Bluebonnet Trails in Texas

Bluebonnets add color to Texas roadways each spring.
Bluebonnets add color to Texas roadways each spring. (Image: leekris/iStock/Getty Images)

Bluebonnets bloom in fields and along roadsides in Texas each spring, prompting festivals, car trips and walking tours to see the state’s official flower. A state highway department bluebonnet planting program dating back to the 1930s is why so many of the blue and white wildflowers grow along most major highways today, according to Texas State Historical Association. The flowers typically bloom in late March and early April.

Northeast Texas Trails

Ennis, which the Texas Legislature declared the “Official Texas Bluebonnet Trail,” attracts thousands of visitors each spring to more than 40 miles of area trails marked on maps created by the Ennis Garden Club. The maps, available at the Ennis Visitor Center, pinpoint driving trails along country roads and highways from this Northeast Texas city about 35 miles south of Dallas. The garden club offers guided tours to groups.

East Texas Bluebonnets

The Texas Legislature proclaimed the East Texas community of Chappell Hill home to the “Official Bluebonnet Festival of Texas.” The Chappell Hill Historical Society hosts a two-day event in early April each year with live music, children’s games, more than 250 vendors and bluebonnet tours. Neighboring Brenham also issues bluebonnet trail maps designating about 80 miles of roads and highways in a region about midway between Houston and Austin.

Texas Hill Country Sights

State lawmakers handed official bragging rights to the Texas Hill Country town of Burnet as the “Bluebonnet Capital of Texas” because of abundant bluebonnet fields in this south-central Texas lakes and hills region. The hill country is loosely defined as the area between Austin and San Antonio. The Texas Hill Country Wildflower Trail crosses 10 communities from late March through early June to accommodate other native wildflowers. The trails begin in Burnet, where locals happily correct visitors who emphasize the second syllable of the name with the words: “It’s Burnet, durn’ it.” Bluebonnet fans can also find the flowers growing on federal lands each spring at Lyndon B. Johnson National Historical Park about 50 miles north of Burnet. Fall and winter rains dictate how plentiful bluebonnets will be each spring, according to the National Park Service.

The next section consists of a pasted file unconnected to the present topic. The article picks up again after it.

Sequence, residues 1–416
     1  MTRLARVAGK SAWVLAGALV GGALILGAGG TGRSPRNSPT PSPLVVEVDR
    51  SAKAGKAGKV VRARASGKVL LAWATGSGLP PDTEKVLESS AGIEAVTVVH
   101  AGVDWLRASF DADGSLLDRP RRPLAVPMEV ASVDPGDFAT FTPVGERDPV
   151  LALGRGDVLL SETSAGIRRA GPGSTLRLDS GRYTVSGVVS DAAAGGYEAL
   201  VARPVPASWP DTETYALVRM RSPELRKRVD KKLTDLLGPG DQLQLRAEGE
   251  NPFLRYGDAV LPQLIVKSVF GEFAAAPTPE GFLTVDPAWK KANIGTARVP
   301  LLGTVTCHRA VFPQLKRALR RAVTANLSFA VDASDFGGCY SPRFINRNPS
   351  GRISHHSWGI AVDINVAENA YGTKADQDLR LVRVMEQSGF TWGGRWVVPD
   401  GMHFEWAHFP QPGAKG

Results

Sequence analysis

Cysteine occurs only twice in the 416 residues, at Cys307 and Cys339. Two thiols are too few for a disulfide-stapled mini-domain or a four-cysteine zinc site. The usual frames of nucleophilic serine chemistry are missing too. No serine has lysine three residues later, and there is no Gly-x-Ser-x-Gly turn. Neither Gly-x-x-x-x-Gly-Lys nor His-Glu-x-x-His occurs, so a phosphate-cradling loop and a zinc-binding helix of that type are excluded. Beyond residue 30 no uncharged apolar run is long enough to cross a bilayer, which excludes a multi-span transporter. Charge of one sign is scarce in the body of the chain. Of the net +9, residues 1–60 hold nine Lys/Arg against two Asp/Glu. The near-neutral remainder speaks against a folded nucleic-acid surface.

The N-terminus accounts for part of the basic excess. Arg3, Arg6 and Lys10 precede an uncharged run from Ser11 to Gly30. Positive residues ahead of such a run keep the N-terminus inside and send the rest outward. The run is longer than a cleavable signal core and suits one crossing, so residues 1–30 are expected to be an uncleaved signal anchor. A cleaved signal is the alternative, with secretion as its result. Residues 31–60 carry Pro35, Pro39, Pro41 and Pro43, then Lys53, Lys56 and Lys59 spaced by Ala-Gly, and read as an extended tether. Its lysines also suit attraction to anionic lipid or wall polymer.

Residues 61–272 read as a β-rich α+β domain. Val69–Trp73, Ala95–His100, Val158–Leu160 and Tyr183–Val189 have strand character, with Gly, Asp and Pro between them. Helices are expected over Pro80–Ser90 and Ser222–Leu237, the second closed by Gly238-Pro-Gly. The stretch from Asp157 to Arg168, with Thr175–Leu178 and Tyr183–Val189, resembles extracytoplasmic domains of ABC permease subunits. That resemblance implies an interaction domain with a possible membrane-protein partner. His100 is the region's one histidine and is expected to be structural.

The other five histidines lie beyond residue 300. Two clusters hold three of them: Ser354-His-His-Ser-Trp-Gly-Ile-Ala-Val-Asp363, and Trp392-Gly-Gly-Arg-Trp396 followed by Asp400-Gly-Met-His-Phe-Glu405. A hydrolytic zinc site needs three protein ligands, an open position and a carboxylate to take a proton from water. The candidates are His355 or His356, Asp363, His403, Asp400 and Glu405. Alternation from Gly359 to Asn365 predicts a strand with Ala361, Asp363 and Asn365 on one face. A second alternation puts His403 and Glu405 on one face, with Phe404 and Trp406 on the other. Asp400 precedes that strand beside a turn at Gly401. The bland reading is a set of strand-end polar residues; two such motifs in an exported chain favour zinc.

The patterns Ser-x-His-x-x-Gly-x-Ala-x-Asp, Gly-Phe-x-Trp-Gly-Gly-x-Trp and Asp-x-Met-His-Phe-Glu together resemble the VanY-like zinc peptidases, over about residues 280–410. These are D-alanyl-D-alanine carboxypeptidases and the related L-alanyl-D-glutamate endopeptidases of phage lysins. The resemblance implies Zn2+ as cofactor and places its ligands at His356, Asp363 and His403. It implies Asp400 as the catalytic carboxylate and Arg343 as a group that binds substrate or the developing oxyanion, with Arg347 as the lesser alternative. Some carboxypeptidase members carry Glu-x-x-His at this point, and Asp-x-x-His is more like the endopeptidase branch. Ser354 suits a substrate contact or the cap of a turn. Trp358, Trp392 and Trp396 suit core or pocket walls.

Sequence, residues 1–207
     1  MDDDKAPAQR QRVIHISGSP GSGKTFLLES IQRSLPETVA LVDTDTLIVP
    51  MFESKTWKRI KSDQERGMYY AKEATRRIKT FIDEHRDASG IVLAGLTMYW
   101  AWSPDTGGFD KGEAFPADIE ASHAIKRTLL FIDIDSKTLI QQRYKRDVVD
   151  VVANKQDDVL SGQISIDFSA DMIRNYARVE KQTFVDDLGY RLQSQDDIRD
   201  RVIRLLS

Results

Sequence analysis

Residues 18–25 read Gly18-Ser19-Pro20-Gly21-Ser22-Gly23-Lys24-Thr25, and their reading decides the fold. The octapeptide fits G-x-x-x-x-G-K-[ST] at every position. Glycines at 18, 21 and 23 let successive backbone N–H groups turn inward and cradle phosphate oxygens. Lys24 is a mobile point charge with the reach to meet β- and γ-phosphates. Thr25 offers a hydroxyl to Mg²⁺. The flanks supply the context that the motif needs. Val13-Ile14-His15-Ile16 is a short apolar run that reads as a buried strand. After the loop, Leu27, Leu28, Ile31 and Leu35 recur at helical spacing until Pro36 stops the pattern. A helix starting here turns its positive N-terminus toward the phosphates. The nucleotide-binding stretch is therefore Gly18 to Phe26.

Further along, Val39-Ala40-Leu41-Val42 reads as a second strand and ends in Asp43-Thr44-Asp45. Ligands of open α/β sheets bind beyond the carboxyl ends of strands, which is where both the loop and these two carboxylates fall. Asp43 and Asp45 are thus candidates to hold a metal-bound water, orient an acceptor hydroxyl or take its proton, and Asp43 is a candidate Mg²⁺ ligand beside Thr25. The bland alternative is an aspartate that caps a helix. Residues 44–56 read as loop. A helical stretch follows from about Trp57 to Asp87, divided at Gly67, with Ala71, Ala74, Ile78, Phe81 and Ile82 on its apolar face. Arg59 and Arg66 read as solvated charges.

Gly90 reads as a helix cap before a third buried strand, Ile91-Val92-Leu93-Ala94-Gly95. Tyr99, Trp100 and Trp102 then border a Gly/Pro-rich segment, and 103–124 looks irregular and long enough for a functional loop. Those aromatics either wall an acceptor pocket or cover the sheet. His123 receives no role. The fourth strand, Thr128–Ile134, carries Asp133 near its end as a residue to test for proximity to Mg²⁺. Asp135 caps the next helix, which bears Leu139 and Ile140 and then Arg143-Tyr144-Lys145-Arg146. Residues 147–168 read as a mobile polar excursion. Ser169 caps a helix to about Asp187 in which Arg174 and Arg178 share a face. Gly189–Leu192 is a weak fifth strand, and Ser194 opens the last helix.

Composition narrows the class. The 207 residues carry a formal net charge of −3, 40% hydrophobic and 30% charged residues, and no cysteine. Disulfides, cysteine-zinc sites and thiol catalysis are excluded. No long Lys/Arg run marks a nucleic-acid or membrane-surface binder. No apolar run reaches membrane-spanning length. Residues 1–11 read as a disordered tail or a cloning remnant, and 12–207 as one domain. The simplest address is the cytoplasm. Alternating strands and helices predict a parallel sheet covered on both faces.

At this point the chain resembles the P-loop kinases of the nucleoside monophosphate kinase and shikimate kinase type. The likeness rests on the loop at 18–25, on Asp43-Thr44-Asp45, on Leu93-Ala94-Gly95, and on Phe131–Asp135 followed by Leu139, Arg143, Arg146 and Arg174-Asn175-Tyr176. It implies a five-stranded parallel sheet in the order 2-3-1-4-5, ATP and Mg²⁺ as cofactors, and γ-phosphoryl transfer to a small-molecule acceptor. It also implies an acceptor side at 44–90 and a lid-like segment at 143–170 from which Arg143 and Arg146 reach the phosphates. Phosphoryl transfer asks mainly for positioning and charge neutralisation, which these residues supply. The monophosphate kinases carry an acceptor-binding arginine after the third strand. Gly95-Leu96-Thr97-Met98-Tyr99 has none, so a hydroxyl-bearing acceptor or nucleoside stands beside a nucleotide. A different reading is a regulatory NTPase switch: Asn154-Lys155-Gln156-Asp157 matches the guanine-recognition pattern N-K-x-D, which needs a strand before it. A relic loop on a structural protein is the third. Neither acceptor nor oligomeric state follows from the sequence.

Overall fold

Wine and Wildflowers

The Texas Bluebonnet Wine and Cheese Trail is the creation of seven wineries in an east-central region of the state northwest of Houston. The wineries host wine and cheese tastings along mapped bluebonnet sighting roads and highways from the Bernhardt Winery in Plantersville and Cork This! Winery in Montgomery to Peach Creek Vineyards in College Station. The event is generally scheduled the last weekend of March and first two weekends of April.

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